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Stories Tagged ‘Interest Rates’

Spot factoring seems to be gaining popularity within the UK and is a fairly common procedure in the US. We are talking about factoring a single invoice as opposed to factoring whole turnover as you would with a traditional factoring facility.

Obviously if you have an ongoing requirement to factor each invoice or the majority of your invoices it makes sense to seek a suitable factoring facility.

However, if you are looking for a short term solution to a cash flow “hiccup” then spot factoring can be ideal. It means that you can factor a single invoice and once that is paid you have no contractual obligation. You can also revisit the “facility” further down the track if you have another invoice you wish to factor. In essence you can “dip in and out” as you need to.

This can be quite attractive to some businesses. So what are the down sides?

In short the interest rates can put some people off. Most lenders will quote a daily interest rate which sounds nominal. However, this can equate to an APR of circa 80%. But does this make it more expensive than traditional factoring?

Well the interest rate is 10 – 20 times more than what you will pay on a traditional factoring facility but your debt may only be outstanding for 30 days. Traditional factoring can attract minimum service fees and minimum contract periods which can mean if you have a genuine short term requirement traditional factoring can be expensive.

While rates for spot factoring may well be higher than the rates for whole turnover factoring, if you have a genuine short term requirement spot factoring will typically be your cheaper option in terms of pounds and pence!!

So is it the future? I am not sure but it is another valid solution for many businesses so it should be embraced.

If you are looking for the best invoice discounting rates it is well worth speaking to Smart Factoring Quotes. We monitor the market for the cheapest invoice discounting rates available at any one time.

At present we have several invoice discounting companies who are actively competing on price and claiming they will not be beaten on price. It is however imperative that any business owner looks beyond the headline rates and considers total costs when comparing facilities from an invoice discounting company. It is also important to remember that the lenders offering the best rates can be among the most risk averse and as such your facility may be structured in a more cautious way.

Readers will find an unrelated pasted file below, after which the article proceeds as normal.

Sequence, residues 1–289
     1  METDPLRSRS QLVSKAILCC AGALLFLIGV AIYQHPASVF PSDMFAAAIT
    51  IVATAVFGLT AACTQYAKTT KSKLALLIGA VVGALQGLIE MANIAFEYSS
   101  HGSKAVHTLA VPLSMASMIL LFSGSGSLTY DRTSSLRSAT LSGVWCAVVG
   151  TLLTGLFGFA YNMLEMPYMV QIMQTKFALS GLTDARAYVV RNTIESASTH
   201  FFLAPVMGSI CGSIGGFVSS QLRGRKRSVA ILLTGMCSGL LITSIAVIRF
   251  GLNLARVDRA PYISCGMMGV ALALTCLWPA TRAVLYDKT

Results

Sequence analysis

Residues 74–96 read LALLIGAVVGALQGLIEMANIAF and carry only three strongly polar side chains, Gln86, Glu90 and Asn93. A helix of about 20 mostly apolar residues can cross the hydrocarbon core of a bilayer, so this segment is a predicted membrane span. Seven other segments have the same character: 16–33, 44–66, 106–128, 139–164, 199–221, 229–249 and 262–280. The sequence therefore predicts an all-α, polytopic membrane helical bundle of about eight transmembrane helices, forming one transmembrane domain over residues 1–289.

At Smart Factoring Quotes our approach is to explain the benefits and potential downside of any facility and along side this show the total annual costs involved. This will allow any business owner to consider which facility represents the best value. To me that is the most important factor – compare the benefits the facility offers against the costs and then establish which facility represents the best value to your business.

If you want a helping hand give us a shout!!

Interest rates in the form of the Bank of England base rate have remained unchanged at 0.5% for the last 17 months. These low base rates seem attractive to borrowers but are crippling savers who rely on the income their savings generate.

Will rates rise? I think the evidence overwhelmingly suggests that these ultra low rates are not sustainable and as such, yes rates will rise. In a poll of economists by Reuters (29 July) the conclusions were that interest rates would rise from April-June 2011. It was thought that they would rise to 1.5% be the end of 2011.

If you are a factoring client, how will the impact on your costs? Well in some cases it will obviously increase your costs of borrowing money as your discounting fee is made up of a margin and a base rate. As the base rate rises then your costs would increase surely? The answer is maybe. It will differ from lender to lender.

HSBC invoice finance for example have no minimum base rate so any increase from the 0.5% Bank of England base rate will be felt by their clients who are currently enjoying these very low rates.

However, Bibby Financial Services are currently using 3 month LIBOR as a base rate and in the quotations I have seen are using a minimum base rate of 3%. This means that until the base rate (3 month LIBOR in this instance) increases above 3% their clients will not be effected by the potential base increases.

Close Invoice Finance use 1 month LIBOR as a base rate but have an overall minimum discounting fee of 4.5% . So any base rate increases would only impact on the clients of Close Invoice Finance if their total discounting fee increases above 4.5%.

Looking at the invoice finance market in it’s entirety there are a lot of clients who won’t feel the impact of any impending rate increases for some time.

Is this good news? It depends on how you view matters but some may argue that the ones who will not feel the effect of the increases are paying too much at the moment anyway. Then again, you can only choose the best of the offers that are made available to you.